Where the *bleep* are we going to?


SEPTEMBER 26, 2016

“We don’t live in an era of change, but in a change of era”, according to Jan Rotmans, professor of Transitions and Transition Management. How are large organisations and their executives coping and contributing? Who are showing Thought Leadership?

One of the persons studying this is Dr Mignon van Halderen, associate professor of Thought Leadership at Fontys University of Applied Sciences. She has recently published the detailed version of her inaugural speech, certainly a good read. She has observed a rise in CEOs and other executives embracing social and transformative purpose as part of their business values and strategies; CEOs of established companies such as Unilever’s Paul Polman and DSM’s Feike Sijbesma, and founders of new social enterprises like Tesla’s Elon Musk.

One common characteristic of these leaders and companies Van Halderen describes is that they are all fully recognising the fundamental changes in the fields of healthcare, work, climate and energy, that are shaking up our society, and can even threaten our very existence. And they are all embracing the fact that they do not have the answers to all of those issues, requiring us to shake loose old ways of thinking and acting. Forget about the famous dot on the horizon, navigate to something wider. As the Dutch designer and innovator Daan Roosegaarde describes it:

“We are searching for a new system, but we don’t know what that looks like yet. It doesn’t matter; this in fact characterises the ‘new thinking’. We search, we experiment.”

The only true wisdom is in knowing you know nothing, as Socrates said :).

How do companies cope with this uncertain, messy and complex reality? How do they contribute to the ‘new thinking’? Van Halderen labels the front runners ‘thought leaders in a society of change’, organisations with the ability to translate their thought-provoking convictions and novel viewpoints on our society into real behaviour and results.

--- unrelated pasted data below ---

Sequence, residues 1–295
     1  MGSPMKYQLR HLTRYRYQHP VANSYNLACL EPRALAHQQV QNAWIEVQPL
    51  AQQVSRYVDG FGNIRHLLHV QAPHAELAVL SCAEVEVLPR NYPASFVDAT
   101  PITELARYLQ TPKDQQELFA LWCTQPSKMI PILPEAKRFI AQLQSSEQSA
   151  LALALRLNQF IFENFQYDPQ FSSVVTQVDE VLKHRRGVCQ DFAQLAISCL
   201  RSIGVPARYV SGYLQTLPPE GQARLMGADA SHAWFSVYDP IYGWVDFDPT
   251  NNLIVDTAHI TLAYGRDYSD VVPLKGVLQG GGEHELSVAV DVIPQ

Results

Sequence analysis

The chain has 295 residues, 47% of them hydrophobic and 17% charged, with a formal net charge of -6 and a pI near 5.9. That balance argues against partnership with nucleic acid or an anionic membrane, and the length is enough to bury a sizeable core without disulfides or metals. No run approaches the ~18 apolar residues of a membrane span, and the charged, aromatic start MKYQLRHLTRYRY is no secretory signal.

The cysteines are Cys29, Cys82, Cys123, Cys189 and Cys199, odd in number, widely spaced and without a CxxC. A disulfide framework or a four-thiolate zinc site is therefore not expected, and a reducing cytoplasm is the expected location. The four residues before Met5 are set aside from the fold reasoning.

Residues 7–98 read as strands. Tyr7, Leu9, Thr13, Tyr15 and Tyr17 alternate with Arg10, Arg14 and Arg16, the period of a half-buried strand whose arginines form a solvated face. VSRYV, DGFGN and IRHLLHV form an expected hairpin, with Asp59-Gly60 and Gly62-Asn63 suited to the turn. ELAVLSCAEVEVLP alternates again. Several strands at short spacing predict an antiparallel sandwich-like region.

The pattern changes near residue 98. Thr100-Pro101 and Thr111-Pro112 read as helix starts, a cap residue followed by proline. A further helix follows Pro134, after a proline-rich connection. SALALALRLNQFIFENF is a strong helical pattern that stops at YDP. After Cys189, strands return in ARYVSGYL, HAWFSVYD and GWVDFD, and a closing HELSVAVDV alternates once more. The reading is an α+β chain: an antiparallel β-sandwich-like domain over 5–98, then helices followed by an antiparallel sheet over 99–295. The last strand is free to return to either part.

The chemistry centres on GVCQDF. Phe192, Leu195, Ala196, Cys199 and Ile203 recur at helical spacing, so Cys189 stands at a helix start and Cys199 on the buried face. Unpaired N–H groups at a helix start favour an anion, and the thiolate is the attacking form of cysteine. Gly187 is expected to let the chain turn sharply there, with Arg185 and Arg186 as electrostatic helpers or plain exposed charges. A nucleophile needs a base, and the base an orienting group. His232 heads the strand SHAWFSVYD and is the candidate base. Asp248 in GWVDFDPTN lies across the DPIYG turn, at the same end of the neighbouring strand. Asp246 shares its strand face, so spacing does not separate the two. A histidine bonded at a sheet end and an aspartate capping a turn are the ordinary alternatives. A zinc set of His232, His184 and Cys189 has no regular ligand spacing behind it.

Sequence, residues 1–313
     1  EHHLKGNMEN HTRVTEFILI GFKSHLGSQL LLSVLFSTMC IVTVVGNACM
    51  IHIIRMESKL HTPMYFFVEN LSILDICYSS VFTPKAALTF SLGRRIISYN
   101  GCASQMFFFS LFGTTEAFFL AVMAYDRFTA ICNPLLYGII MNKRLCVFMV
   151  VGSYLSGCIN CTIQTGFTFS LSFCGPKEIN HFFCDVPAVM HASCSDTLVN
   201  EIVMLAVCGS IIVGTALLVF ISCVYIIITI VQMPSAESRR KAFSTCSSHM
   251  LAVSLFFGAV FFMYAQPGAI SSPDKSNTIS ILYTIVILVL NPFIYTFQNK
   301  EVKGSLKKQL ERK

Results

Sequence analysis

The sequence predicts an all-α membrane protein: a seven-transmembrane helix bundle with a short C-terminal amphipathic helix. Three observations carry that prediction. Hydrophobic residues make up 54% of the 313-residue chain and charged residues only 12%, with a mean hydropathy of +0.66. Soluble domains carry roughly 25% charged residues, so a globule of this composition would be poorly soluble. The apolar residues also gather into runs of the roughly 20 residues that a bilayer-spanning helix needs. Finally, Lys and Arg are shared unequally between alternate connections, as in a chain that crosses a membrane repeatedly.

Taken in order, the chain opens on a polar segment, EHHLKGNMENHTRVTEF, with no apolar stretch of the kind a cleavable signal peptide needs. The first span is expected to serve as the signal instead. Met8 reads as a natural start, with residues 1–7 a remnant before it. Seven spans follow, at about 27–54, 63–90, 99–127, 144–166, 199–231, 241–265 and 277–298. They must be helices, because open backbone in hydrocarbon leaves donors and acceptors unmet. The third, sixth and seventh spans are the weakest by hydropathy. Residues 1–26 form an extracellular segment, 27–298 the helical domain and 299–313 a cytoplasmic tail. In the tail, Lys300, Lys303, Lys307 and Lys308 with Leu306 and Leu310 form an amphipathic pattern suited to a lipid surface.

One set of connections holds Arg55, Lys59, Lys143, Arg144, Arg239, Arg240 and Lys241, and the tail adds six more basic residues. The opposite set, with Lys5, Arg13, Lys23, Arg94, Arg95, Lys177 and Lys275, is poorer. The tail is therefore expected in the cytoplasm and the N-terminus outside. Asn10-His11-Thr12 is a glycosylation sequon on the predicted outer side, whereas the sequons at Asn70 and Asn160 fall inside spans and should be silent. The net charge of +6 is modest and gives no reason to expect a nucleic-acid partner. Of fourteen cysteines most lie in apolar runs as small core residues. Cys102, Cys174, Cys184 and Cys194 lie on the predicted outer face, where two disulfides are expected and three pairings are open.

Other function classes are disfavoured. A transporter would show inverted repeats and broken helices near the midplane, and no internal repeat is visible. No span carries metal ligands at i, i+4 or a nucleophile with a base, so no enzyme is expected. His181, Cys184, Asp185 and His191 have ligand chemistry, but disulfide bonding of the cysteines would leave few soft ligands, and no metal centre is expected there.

Front cover Dr Van Halderen’s book.

What can we learn from these thought leaders’ unique way of doing things? One point Van Halderen particularly focuses on is how they break down old worldviews and build new ones. She says this hasn’t been studied much before. And that this is remarkable, given that shifts in mindsets are a necessity for fundamental change. How do they share this shift journey with stakeholders? How do they get employees to see the bigger picture and how do they get them involved?

Those were exactly the questions Unilever Europe have asked us to help with. Our solution is featured in Dr Van Halderen’s inaugural publication as an engagement case. In a sense, the challenge was to spread Paul Polman’s ‘sustainable growth’ business philosophy and strategy internally. To make it tangible for every employee, so all are triggered to contribute in their daily work, in their part of the business. Nobody has the complete answers of what to do, our engagement programme co-creates the space for mindset and behaviour changes to emerge and spread. It equips employees to drive change themselves.

Anyway, you can download Van Halderen’s full inaugural publication—including our case—at dutchschoolofthought.com.

Maybe it helps you as an executive in finding some answers. Or comforts you to know that knowing nothing is true wisdom. Especially in this change of era. Which makes me think… maybe I should start a Council of Unwise, a circle of creative people to fuel leaders’ unwisdom and new thinking. What do you think? Would it help?

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